As the arctic forms moved first southward and afterwards backward to the north, in unison with the changing climate, they will not have been exposed during their long migrations to any great diversity of temperature; and as they all migrated in a body together, their mutual relations will not have been much disturbed. Hence, in accordance with the principles inculcated in this volume, these forms will not have been liable to much modification. But with the Alpine productions, left isolated from the moment of the returning warmth, first at the bases and ultimately on the summits of the mountains, the case will have been somewhat different; for it is not likely that all the same arctic species will have been left on mountain ranges far distant from each other, and have survived there ever since; they will also, in all probability, have become mingled with ancient Alpine species, which must have existed on the mountains before the commencement of the Glacial epoch, and which during the coldest period will have been temporarily driven down to the plains; they will, also, have been subsequently exposed to somewhat different climatical influences. Their mutual relations will thus have been in some degree disturbed; consequently they will have been liable to modification; and they have been modified; for if we compare the present Alpine plants and animals of the several great European mountain ranges, one with another, though many of the species remain identically the same, some exist as varieties, some as doubtful forms or sub-species and some as distinct yet closely allied species representing each other on the several ranges.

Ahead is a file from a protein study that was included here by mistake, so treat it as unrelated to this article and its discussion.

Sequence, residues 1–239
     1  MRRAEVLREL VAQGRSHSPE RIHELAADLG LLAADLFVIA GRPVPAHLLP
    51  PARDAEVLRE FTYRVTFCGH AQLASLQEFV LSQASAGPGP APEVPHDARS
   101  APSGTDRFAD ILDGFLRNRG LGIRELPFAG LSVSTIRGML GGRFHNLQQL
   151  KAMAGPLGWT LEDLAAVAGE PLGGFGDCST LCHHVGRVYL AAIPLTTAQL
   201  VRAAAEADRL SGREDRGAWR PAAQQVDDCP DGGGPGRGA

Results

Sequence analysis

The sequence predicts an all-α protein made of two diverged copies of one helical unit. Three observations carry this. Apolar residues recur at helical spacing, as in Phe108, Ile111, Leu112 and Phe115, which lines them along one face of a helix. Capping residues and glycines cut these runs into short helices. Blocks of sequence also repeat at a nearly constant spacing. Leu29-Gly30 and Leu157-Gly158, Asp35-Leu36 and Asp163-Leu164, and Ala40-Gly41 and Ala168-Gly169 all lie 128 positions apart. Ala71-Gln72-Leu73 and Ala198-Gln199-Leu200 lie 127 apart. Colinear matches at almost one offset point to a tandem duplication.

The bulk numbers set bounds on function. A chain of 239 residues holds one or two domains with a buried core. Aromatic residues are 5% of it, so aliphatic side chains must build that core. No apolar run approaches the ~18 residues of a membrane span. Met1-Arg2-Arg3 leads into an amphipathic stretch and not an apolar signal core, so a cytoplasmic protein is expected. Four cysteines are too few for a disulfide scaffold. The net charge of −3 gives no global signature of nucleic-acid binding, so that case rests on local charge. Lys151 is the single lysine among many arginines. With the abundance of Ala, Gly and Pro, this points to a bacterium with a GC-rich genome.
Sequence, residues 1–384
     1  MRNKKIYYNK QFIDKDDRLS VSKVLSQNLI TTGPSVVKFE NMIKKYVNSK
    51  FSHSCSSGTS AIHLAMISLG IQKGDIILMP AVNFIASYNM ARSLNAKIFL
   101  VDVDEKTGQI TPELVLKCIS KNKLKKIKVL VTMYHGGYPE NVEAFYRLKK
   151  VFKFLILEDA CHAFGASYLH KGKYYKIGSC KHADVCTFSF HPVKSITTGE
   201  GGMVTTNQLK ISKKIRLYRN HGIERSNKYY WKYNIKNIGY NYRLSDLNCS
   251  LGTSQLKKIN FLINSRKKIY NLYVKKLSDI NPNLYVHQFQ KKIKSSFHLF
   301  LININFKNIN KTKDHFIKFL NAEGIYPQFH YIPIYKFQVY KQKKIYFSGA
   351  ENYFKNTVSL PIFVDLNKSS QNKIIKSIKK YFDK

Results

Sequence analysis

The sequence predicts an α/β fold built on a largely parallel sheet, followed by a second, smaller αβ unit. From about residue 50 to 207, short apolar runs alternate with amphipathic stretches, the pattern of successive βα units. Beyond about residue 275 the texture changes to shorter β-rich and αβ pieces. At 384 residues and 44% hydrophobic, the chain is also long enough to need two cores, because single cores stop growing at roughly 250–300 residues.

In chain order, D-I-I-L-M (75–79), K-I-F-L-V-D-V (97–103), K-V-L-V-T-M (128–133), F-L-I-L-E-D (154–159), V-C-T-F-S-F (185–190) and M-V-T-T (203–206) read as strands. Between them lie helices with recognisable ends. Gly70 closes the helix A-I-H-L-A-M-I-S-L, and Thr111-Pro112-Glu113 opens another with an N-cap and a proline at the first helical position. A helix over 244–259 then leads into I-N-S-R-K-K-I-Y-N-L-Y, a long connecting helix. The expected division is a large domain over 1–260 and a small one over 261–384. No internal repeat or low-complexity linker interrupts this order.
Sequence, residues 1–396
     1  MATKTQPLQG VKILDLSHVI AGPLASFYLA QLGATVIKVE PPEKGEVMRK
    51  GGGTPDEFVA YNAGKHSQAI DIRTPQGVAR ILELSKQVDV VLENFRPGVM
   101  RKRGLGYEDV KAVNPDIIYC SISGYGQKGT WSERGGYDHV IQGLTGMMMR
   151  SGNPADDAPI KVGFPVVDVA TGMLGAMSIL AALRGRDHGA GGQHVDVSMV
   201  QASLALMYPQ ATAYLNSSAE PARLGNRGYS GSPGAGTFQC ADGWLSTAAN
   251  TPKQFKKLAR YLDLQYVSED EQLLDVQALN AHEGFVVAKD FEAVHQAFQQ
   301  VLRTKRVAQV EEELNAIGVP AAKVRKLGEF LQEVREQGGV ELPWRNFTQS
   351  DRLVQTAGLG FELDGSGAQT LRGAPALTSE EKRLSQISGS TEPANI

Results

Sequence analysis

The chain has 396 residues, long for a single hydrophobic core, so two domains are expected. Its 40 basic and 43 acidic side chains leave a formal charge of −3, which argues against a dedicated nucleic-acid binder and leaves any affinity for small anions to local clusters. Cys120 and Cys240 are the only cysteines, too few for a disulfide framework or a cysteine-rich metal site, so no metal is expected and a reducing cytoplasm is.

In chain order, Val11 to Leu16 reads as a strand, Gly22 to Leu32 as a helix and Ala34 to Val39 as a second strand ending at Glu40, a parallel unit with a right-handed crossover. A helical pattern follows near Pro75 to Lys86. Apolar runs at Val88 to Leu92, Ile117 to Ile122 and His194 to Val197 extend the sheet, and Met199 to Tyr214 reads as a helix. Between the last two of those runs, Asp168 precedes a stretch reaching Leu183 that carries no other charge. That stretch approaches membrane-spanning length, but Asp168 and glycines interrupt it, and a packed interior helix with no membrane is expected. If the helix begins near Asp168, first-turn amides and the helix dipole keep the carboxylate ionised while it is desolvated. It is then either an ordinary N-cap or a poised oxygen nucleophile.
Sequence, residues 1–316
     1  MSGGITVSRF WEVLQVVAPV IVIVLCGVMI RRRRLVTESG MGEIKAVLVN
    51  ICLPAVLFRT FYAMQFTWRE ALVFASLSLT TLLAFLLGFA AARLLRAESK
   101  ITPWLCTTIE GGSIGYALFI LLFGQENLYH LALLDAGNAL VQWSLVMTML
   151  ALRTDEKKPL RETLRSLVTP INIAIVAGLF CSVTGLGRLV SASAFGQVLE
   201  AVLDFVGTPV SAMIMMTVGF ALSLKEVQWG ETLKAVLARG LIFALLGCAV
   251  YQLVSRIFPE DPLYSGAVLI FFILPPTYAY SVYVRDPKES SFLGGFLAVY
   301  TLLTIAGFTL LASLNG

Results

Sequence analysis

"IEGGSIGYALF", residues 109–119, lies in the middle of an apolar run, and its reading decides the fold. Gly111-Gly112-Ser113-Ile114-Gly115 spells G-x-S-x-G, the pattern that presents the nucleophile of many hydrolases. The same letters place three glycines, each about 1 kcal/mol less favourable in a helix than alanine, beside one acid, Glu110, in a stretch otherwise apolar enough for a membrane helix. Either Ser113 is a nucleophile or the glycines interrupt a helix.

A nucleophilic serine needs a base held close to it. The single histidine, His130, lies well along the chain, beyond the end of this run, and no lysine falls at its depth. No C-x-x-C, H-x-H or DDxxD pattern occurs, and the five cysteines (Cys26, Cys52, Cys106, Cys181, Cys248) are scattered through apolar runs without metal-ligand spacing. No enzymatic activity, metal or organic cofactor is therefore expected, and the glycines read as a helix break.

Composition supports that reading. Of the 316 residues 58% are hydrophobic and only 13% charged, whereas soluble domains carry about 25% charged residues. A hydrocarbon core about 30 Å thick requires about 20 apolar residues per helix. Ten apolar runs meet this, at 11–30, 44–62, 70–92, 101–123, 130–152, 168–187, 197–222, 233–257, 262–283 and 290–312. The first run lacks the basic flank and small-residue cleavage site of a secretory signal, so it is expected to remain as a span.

In the foregoing illustration, I have assumed that at the commencement of our imaginary Glacial period, the arctic productions were as uniform round the polar regions as they are at the present day. But it is also necessary to assume that many sub-arctic and some few temperate forms were the same round the world, for some of the species which now exist on the lower mountain slopes and on the plains of North America and Europe are the same; and it may be asked how I account for this degree of uniformity of the sub-arctic and temperate forms round the world, at the commencement of the real Glacial period. At the present day, the sub-arctic and northern temperate productions of the Old and New Worlds are separated from each other by the whole Atlantic Ocean and by the northern part of the Pacific. During the Glacial period, when the inhabitants of the Old and New Worlds lived further southwards than they do at present, they must have been still more completely separated from each other by wider spaces of ocean; so that it may well be asked how the